A Buffalo teenager was convicted Monday night in the shooting death of a local businessman.
During the four-day trial before State Supreme Court Justice Richard C. Kloch Sr., jurors heard a witness who, shortly after she testified, was charged in a hate crime stabbing.
The jury deliberated for about eight hours before finding Jerome Thagard, 17, guilty of second-degree murder and criminal possession of a weapon.
Thagard was convicted of shooting Steven Northrup last April 29 in a field off Isabelle Street, near the Shaffer Village housing complex in Buffalo's Riverside neighborhood.
Northup, 31, a real estate appraiser, was talking to his 21-year-old girlfriend when he was shot seven times with a 9 mm handgun. The fatal shot pierced his heart.
Thagard had been jailed since police found him at Bennett High School the day after the shooting. He did not testify or present any alibi witnesses.
He faces a second trial in the armed robbery of a woman at Newburg and Esser streets a day before the slaying.
Last week, Suzanne-Deanna Grover, Northrup's girlfriend, and two teenage girls identified Thagard as the man dressed in a dark hooded sweat shirt who had walked up to Northrup and Grover as they were having a lively discussion and asked Grover, "Do you want me to shoot him?"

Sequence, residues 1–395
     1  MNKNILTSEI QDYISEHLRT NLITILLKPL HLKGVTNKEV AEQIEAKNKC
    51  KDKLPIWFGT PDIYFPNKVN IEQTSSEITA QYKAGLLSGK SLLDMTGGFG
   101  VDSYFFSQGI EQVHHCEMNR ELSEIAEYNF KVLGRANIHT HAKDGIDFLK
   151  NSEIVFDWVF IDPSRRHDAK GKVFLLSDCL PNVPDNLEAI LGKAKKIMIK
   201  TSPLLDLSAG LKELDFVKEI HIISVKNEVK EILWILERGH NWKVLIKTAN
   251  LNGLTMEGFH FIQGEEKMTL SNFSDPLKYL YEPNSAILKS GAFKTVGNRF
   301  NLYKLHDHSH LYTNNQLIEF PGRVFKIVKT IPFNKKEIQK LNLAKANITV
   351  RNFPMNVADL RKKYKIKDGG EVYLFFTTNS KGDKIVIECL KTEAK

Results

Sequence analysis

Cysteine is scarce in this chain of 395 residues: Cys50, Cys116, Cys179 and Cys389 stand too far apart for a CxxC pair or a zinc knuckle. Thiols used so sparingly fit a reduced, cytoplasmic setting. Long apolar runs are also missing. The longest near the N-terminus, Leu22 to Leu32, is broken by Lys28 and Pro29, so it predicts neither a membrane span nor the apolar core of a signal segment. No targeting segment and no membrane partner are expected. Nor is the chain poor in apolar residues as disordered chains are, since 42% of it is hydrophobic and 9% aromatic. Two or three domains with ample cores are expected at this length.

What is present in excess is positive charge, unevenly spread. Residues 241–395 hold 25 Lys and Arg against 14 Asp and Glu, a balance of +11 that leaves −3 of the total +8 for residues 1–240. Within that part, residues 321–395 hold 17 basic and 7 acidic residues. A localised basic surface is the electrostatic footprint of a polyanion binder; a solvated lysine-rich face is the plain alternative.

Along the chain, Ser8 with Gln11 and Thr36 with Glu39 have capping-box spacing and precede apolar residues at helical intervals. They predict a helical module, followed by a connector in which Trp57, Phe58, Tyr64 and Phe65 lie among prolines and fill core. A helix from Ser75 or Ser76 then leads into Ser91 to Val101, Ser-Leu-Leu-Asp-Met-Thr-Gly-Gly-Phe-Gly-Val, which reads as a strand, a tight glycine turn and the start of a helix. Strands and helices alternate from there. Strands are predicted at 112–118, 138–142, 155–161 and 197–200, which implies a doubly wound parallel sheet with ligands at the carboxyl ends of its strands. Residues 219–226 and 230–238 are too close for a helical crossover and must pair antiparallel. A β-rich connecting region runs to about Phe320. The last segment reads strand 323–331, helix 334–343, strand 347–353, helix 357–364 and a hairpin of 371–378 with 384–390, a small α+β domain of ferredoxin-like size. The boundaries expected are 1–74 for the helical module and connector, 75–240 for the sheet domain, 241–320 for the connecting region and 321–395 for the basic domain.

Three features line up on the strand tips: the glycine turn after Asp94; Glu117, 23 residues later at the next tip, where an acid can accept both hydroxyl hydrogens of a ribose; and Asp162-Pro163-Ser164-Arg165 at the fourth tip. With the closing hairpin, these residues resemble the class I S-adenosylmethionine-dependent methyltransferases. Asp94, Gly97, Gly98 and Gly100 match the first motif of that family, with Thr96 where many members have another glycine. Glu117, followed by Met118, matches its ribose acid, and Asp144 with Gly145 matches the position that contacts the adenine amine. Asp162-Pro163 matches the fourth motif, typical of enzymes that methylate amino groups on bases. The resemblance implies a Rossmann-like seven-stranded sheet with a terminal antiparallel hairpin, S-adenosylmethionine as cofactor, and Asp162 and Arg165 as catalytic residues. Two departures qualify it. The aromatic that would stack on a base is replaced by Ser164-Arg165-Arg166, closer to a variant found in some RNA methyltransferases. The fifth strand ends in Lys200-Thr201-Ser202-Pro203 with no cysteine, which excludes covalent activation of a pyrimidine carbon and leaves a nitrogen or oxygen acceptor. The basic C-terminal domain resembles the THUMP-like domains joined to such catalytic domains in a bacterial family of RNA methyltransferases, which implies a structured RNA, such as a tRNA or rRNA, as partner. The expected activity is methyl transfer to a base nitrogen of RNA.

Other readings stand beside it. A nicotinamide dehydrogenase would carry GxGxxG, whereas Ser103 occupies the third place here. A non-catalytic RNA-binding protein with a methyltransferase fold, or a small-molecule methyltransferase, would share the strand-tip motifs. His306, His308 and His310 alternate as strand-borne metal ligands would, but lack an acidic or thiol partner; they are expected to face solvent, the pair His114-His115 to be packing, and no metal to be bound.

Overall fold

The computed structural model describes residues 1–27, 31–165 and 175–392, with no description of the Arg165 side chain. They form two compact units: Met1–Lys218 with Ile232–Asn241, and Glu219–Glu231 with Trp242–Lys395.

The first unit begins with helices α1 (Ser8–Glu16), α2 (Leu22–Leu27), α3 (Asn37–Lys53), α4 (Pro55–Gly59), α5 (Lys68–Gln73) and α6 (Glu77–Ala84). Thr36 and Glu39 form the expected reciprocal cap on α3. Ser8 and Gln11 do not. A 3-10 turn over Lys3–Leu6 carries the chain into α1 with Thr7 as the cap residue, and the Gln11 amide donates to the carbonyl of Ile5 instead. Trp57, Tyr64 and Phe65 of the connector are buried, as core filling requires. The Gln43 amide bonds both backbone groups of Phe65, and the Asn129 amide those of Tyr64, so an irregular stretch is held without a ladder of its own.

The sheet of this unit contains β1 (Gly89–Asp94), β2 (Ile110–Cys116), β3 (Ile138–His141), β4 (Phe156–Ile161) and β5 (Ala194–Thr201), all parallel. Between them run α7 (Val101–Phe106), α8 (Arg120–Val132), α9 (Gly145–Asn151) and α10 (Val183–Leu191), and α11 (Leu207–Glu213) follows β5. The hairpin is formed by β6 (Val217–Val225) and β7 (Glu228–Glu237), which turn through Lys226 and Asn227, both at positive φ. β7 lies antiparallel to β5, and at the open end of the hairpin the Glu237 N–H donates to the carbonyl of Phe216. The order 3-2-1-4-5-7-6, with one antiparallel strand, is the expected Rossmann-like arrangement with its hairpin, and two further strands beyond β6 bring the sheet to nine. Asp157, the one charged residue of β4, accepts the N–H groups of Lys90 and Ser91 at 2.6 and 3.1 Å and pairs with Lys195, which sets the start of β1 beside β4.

Without waiting for a response, Thagard, a Philadelphia Street resident, fired repeatedly at Northrup before running from the field, with Grover and the two teens in pursuit. Although Thagard was 16 at the time, he has been prosecuted as an adult in both April crimes.
Hours after Grover testified Wednesday, Central District Detectives Edward Cotter and Timothy Rooney arrested her in the attack on Lindsay C. Harmon, 29, who was stabbed in the eye early New Year's Day outside a Main Street nightclub.
The arrest papers say Grover "intentionally selected Lindsay Harmon because of a belief or perception regarding Lindsay Harmon's sexual orientation."
City Judge Joseph A. Fiorella is scheduled to hold a pretrial hearing today for Grover, who remains jailed on felony assault and hate-crime charges.
In Thagard's murder case, prosecutors Gary W. Hackbush and Paul C. Parisi said they will urge Erie County District Attorney Frank A. Sedita III to recommend the maximum 25-years-to-life term for what they characterized in court as a senseless killing.
In closing arguments Monday morning, John J. Molloy, Thagard's lawyer, maintained that the real killer remains on the streets because authorities concede that bullet casings recovered after a May 22 shooting came from the weapon used in the Northrup shooting.
Thagard will be sentenced May 2.